Golf is Not a Game of Perfect

Golf is Not a Game of Perfect

Golf is Not a Game of Perfect

  • Mental Game
  • Hard Cover

Dr. Bob Rotella is one of the hottest performance consultants in America today. Among his many professional clients are Nick Price (last year’s Player of the Year), Tom Kite, Davis Love III, Pat Bradley, Brad Faxon, John Daly, and many others. Rotella, or “Doc,” as most players refer to him, goes beyond just the usual mental aspects of the game and the reliance on specific techniques. What Rotella does here in this extraordinary book, and with his clients, is to create an attitude and a mindset

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3 Responses to “Golf is Not a Game of Perfect”

  • Jonathan Reeder:
    28 of 31 people found the following review helpful
    5.0 out of 5 stars
    Tournament Tough, January 12, 2000
    By 
    Jonathan Reeder (Lewisburg, PA) –

    This review is from: Golf is Not a Game of Perfect (Hardcover)

    This book provides incredible insight into the game of golf. Rather than attempting to teach the infamous “perfect swing,” Dr. Rotella allows the reader to maintain his current swing and instead he addresses the mental side to lower scores. Whether you are a beginner or carry a low handicap, this book is sure to knock strokes off. This book enables a player to think correctly on the course and develop confidence in his game. It is easy and fun to read since Rotella recalls past memories that support his point. I’d recommend this book for yourself or as a gift. I re-read chapters nightly before playing in tournaments as an instrument to mentally prepare myself. It has helped me to win national junior events and I guarentee that it will help you as well. Hit ’em straight!

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  • J. Duncan:
    32 of 37 people found the following review helpful
    5.0 out of 5 stars
    Train Your Brain!!!, September 22, 2000
    By 
    J. Duncan (New York, NY United States) –
    (REAL NAME)
      

    This review is from: Golf is Not a Game of Perfect (Hardcover)

    As a 7 handicap trying to figure out how to shave those extra strokes off to get into the low single digit territory this was a nice surprise which helped to complete my library of essential golf books.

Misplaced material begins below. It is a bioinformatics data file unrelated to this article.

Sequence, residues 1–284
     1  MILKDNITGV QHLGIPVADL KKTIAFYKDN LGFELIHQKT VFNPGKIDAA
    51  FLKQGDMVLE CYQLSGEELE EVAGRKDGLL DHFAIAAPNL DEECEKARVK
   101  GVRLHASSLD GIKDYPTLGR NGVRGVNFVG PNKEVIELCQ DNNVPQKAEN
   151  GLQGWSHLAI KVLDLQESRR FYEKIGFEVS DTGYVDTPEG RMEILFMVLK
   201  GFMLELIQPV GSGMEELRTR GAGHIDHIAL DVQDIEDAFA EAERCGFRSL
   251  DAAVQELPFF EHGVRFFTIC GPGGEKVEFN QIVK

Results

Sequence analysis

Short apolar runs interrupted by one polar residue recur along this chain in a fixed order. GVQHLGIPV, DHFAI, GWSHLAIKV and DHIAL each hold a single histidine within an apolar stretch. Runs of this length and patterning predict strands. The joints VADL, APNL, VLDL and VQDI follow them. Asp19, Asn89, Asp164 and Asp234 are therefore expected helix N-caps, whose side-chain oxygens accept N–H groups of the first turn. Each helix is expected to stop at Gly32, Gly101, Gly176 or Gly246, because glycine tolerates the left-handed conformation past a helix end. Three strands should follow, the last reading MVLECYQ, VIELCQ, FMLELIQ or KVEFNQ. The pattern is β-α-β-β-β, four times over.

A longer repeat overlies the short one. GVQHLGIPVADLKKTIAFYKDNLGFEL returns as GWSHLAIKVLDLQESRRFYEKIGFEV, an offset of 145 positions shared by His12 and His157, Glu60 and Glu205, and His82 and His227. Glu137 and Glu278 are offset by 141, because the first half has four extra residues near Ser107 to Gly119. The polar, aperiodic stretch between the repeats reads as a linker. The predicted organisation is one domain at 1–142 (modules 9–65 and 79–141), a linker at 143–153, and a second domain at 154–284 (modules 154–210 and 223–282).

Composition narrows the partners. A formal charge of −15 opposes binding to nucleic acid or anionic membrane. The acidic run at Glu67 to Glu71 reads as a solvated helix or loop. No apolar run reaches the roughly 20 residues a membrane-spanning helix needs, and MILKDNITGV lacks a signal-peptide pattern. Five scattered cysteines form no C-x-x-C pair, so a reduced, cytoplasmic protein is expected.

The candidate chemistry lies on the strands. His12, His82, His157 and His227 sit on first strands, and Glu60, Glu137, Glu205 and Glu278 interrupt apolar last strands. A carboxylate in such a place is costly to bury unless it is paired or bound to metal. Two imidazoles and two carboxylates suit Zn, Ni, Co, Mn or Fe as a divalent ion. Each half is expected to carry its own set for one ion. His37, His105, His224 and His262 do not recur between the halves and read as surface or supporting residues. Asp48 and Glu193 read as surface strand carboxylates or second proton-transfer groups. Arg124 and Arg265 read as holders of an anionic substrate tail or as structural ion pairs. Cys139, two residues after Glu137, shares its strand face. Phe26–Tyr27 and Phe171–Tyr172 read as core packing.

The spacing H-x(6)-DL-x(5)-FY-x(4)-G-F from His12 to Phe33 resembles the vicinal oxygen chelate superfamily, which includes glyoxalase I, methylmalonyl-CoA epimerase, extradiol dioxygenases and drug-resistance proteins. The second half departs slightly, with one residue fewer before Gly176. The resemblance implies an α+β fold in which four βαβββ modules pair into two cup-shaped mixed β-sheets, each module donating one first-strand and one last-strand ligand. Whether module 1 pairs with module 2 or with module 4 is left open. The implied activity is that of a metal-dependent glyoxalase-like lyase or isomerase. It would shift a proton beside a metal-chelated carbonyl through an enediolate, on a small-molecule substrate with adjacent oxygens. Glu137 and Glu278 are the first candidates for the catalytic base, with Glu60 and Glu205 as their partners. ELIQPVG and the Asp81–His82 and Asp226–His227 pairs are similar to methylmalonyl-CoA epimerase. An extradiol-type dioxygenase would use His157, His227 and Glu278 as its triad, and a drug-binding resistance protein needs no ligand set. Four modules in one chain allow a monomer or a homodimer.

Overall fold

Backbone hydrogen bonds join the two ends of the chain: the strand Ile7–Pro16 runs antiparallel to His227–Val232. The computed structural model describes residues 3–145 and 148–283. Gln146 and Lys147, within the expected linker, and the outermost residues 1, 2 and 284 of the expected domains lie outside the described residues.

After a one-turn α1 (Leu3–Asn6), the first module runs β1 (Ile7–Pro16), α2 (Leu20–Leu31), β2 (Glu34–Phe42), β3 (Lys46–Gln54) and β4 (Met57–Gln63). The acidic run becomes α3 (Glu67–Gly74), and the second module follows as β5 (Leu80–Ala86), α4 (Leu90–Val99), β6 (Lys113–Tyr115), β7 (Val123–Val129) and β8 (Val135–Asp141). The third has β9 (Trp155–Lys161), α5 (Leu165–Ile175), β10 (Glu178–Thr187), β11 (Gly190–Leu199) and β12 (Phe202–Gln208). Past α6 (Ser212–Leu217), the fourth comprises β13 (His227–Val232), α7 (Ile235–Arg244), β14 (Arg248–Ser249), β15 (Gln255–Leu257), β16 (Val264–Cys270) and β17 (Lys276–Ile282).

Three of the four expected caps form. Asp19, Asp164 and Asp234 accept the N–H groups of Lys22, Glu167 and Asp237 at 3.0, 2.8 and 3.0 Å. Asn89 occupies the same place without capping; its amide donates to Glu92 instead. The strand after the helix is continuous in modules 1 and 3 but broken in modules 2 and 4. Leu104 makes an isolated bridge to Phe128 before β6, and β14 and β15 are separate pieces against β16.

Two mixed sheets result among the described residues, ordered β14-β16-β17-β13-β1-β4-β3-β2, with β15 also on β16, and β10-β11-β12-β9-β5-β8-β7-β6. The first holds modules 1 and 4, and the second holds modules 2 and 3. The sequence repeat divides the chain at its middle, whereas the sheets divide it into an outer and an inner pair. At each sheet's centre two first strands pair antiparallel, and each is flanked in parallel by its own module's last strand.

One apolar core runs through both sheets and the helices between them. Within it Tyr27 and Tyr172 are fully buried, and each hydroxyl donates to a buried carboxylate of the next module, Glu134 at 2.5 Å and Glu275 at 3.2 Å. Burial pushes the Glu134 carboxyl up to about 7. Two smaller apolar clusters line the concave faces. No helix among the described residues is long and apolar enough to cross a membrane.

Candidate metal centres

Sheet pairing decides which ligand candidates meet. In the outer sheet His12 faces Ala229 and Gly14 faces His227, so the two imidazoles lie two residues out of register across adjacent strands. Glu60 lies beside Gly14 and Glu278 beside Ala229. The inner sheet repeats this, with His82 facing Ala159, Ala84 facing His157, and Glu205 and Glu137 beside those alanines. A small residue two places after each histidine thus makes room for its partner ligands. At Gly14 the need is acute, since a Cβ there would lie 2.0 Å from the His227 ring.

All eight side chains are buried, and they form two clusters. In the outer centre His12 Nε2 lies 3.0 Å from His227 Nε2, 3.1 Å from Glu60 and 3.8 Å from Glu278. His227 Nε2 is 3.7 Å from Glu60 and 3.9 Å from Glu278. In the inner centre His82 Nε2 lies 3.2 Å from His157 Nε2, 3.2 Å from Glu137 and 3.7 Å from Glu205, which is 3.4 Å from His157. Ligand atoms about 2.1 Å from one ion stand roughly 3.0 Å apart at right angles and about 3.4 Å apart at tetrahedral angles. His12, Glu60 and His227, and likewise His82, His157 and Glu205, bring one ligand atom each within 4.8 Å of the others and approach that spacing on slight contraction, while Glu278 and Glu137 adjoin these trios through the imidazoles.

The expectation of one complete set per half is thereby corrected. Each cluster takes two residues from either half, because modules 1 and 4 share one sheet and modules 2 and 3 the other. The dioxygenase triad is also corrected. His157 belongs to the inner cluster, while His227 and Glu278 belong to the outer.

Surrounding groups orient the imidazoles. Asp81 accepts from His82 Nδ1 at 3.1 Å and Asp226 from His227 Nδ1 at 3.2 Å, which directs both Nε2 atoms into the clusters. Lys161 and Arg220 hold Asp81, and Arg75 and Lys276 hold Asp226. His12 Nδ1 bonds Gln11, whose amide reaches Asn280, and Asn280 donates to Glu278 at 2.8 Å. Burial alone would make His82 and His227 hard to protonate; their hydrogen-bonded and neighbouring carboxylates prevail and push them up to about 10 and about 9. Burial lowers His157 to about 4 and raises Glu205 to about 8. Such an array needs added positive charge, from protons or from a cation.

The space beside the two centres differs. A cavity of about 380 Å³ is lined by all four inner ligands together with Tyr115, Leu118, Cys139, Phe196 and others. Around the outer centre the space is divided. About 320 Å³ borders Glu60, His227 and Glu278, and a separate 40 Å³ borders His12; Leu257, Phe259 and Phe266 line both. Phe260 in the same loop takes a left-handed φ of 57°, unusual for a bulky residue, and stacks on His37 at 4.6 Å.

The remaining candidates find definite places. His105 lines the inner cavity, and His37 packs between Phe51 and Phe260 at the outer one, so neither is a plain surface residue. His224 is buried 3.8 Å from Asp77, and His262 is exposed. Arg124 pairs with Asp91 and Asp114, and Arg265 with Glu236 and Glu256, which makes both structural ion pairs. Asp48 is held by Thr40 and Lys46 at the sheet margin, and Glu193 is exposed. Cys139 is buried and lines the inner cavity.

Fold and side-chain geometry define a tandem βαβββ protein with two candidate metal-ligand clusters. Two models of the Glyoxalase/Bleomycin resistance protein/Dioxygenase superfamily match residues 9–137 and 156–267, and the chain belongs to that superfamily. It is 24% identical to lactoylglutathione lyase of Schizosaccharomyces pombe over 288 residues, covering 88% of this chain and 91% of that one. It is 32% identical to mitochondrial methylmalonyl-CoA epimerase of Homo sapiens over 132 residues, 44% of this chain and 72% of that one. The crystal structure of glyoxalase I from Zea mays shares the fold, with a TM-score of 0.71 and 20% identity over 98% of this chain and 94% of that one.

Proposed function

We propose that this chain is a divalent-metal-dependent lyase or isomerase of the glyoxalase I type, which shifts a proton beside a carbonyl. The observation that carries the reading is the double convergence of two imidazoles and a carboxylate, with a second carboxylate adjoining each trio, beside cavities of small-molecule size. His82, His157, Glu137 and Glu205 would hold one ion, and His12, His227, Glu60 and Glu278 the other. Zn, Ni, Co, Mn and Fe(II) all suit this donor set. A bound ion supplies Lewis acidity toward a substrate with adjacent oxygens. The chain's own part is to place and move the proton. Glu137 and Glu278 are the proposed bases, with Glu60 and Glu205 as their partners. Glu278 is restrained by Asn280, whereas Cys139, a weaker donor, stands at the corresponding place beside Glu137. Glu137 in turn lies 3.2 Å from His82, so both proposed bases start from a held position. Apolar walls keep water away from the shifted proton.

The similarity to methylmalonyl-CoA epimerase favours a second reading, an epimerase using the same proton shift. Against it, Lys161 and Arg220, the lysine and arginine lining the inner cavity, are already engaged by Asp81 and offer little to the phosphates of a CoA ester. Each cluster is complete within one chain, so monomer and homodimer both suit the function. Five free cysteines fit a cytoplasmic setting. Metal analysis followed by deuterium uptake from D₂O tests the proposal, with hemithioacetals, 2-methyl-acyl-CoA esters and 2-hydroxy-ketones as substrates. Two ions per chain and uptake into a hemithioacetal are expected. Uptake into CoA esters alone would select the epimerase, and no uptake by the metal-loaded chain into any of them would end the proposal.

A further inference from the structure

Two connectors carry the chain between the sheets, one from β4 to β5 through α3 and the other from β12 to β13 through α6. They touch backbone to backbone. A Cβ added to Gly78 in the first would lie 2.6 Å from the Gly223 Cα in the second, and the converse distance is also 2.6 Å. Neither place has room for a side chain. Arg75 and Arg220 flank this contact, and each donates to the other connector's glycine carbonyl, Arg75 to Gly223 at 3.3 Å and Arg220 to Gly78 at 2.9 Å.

the seminal work on golf (and perhaps) sports psychology from Dr. Bob Rotella. The book works on a number of levels as follows: #1. as a rare and excellent guide on how to prepare oneself mentally for the game and how to remained focused during a match; #2. as a series of anecdotal chapters covering a number of the game’s top name players and how they are using Rotella’s straight forward and insightful techniques to play better golf; #3. as an instructional piece and #4. as a guide for getting the most out of your practises.

    Any one of the above would make it good, all 4 in combination make it a must have for golfers at all levels.

    (ps I’d also recommend as essential golf reading Jack Nicklaus’s “Golf My Way,” Tom Watson’s “Getting It Up and Down from 40 Yards and In” and, of course, Harvey Penick’s “Little Red Book)

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  • Gary A. Sailes:
    16 of 18 people found the following review helpful
    5.0 out of 5 stars
    Playing Golf in the Zone, August 29, 2001
    By 
    Gary A. Sailes (Indianapolis, Indiana) –

    This review is from: Golf is Not a Game of Perfect (Hardcover)

    The most enjoyable golf you can play is effortless and pressure free. “Doc” Rotella’s “Golf Is Not a Game of Perfect” has literally liberated me from myself. I was definitely in my own way, halting my own progress. My swing coach brought me from a 35 handicap to a 16 handicap in two summers. Doc brought me down to a 10 handicap in six weeks, and I am still improving. Two key facets in the book grabbed me. First is, “The best swing thought is no swing thought!” This was riveting and when I finally let go and trust my swing, the ball went longer and straighter. Consistency and lower scores were the result. The second facet dealt with putting. Doc emphasized “When you land the green, hole the put, no matter the distance!” What a confidence and result booster!! My goal was to become a single digit handicapper by the end of summer 2001. I still have three weeks to lose one stroke and achieve my goal. I am convinced it will happen. On June 26th, I had a milestone. After reading Doc’s book, I shot my first ever and only sub-par round of 35 for nine holes on a par 36 executive course here in Indianapolis. I had a playing partner and asked him to sign the card. It is now framed and sitting in my office. That was fun. Thanks Doc!! -Gary in Indianapolis.

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